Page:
June 13, 2018
Warrenton adopts record budget of $34.2 million
Sean Polster (At-large) and Jerry Wood (Ward 1) opposed the budget.
Nothing was spent for 14 years. I think we’ve been very cautious with our money.
— Councilwoman Linda “Sunny” Reynolds
2019 Budget Highlights
• Cigarette tax up a nickel to 20 cents a pack.
• WARF fees up 5 percent.
• 4 new staff positions, costing $275,000.
• 1- to 3-percent water and sewer rate increase.
• 10-percent reduction in Professional and Business/Personal Services tax rates, reducing revenue by $87,000.
• $12.4 million on water and sewer improvements.
Two council members voted against the largest budget in Warrenton history Tuesday night.
By a 5-2 margin, the council approved the fiscal 2019 budget.
Sean Polster (At-large) and Jerry Wood (Ward 1) opposed the $34.2-million spending plan because of its reliance on cash reserves. The new budget represents an increase of 16.3 percent from this year’s $27.9 million.
The plan will take $2.1 million from the town’s reserves for water and sewer, leaving $162,000.
Funded mostly with long-term debt, Warrenton will spend $12.4 million on deferred water and sewer improvements in the fiscal year that starts July 1. That includes a $9.4-million project at the wastewater treatment plant on Frost Avenue.
“I was elected to be a judicious and responsible custodian of taxpayers’ dollars,” Mr. Polster said. “Right now, we have three years of budgets that show the opposite . . . acting in a way that solves the needs and desires of right now without considering the real impact it will have strategically on our businesses and citizens.”
Mr. Wood said: “This is definitely a spending budget . . . . I see no substantial new income for the town in the next two to five years.”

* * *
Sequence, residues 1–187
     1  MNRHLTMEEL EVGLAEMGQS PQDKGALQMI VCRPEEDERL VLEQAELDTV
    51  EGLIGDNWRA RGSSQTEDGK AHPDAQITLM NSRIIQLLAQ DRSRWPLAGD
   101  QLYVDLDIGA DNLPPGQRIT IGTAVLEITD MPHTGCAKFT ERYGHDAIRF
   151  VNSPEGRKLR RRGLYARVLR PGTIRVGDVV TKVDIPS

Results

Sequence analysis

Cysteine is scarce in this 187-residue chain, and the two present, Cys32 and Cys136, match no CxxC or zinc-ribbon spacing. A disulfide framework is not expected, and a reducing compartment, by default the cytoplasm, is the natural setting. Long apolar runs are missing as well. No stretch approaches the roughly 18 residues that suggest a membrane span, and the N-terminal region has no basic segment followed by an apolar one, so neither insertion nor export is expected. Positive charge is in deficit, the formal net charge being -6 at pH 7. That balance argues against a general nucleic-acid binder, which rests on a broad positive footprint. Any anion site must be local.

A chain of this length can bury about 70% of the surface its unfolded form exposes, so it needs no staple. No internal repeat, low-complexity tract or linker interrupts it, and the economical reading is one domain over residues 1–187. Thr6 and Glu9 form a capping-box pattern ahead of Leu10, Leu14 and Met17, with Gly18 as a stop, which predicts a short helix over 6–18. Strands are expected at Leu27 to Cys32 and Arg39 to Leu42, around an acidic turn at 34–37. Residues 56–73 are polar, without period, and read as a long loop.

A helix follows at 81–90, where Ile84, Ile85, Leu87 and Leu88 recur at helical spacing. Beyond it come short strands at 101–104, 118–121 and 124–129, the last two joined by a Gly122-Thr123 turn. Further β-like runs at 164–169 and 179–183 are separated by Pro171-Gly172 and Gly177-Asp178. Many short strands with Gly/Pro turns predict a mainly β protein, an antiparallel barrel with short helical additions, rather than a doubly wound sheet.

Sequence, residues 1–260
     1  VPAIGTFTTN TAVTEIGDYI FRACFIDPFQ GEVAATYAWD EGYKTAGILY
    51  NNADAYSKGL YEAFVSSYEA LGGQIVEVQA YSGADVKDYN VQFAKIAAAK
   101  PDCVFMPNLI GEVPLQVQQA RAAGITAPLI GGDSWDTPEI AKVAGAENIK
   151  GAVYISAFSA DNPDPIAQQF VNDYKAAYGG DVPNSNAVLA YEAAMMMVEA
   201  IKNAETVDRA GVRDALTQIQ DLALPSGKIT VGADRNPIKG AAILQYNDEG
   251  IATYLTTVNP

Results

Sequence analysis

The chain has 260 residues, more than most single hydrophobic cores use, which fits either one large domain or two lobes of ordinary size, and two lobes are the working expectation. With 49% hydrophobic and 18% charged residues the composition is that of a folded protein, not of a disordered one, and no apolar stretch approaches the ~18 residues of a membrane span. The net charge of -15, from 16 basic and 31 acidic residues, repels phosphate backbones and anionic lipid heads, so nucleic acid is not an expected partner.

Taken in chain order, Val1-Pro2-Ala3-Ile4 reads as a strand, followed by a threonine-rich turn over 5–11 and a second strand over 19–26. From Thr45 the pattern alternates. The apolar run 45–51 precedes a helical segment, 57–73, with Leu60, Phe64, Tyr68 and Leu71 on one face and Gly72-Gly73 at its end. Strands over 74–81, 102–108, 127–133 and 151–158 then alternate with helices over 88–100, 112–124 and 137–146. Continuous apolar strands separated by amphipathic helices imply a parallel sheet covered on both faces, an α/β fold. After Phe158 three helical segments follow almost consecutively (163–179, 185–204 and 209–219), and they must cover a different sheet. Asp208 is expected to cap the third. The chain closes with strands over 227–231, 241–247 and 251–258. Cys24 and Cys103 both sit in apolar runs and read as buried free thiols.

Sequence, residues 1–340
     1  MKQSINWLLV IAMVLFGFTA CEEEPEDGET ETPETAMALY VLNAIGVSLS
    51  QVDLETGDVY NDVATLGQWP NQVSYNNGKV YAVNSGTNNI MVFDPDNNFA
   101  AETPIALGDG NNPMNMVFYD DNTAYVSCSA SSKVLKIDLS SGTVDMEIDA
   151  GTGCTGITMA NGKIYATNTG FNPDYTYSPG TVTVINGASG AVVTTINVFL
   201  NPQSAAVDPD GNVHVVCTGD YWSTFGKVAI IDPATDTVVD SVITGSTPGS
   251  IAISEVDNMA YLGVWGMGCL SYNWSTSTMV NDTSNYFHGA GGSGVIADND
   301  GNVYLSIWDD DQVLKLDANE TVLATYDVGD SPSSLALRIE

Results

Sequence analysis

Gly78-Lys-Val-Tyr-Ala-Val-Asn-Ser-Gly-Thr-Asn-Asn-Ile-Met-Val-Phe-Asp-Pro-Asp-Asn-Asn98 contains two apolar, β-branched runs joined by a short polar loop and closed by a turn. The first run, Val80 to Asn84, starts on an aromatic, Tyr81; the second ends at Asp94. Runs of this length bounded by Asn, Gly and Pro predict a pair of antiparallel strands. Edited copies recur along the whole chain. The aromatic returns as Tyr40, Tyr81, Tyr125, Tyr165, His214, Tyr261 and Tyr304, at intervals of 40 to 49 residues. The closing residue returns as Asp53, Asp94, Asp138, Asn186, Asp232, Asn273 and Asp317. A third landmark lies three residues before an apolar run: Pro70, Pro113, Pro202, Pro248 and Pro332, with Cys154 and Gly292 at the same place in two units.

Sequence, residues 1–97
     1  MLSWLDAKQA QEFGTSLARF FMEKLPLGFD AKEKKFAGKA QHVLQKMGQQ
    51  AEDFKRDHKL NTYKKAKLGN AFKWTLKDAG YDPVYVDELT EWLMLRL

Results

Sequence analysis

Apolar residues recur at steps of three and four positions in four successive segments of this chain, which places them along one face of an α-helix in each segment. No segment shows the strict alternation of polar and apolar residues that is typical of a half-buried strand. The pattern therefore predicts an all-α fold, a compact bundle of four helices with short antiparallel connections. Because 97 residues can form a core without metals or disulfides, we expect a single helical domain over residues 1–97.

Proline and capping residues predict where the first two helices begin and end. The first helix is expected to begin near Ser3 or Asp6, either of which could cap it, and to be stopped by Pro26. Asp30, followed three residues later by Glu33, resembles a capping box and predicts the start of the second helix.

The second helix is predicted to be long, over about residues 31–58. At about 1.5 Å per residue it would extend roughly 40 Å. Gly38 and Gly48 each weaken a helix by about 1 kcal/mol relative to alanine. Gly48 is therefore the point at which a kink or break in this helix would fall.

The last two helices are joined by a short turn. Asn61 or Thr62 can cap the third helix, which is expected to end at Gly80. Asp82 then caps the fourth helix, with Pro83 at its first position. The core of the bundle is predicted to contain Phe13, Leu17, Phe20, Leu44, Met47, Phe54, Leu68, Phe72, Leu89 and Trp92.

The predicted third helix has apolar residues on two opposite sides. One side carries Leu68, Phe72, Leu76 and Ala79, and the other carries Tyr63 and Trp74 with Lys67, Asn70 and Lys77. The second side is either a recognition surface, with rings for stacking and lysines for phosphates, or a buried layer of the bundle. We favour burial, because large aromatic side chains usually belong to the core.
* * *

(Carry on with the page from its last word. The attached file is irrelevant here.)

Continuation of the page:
But, in her final meeting, Linda “Sunny” Reynolds (At-large) took her two colleagues to task.
“I think it’s almost unpresidential to vote against the budget,” Ms. Reynolds said. “We had six or seven work sessions where we hammered this out.
“I remember very well four years ago . . . we were extremely understaffed, our police vehicles were very old,” she added. “Nothing was spent for 14 years. I think we’ve been very cautious with our money.”
To balance the 2018-19 budget, the council raised several fees.
A pack of cigarettes will cost 5 cents more in Warrenton as of July 1. Fees at the Warrenton Aquatic and Recreation Facility will rise 5 percent, and water and sewer fees will increase 1 to 3 percent.
The budget also reduces business license fees 10 percent, reducing revenue an estimated $87,000.
The budget includes funding for four new full-time positions: A human resources manager, a stormwater management director, a historic preservation planner and a planning staff clerk (expanding from part-time).
Several council members also questioned doubling the contribution to $40,000 for Experience Old Town Warrenton, the Main Street program.
Bob Kravetz (Ward 4) suggested giving the organization $20,000 in July and the balance in January after receiving fundraising and finance reports. But, the suggestion failed on a 4-3 vote, with Mr. Polster and Mr. Wood also supporting it.
“No doubt, the organization has been doing an excellent job,” Mr. Kravetz said. “But, it’s difficult for (citizens) to see how they would benefit from this.”
Ms. Reynolds, a member of the EOTW board, disagreed: “If Old Town fails, the whole town is going to fail. This organization has filled two empty stores by meeting with property owners . . . . Give us some seed money and let us go . . . . Don’t cut us off at the knees.”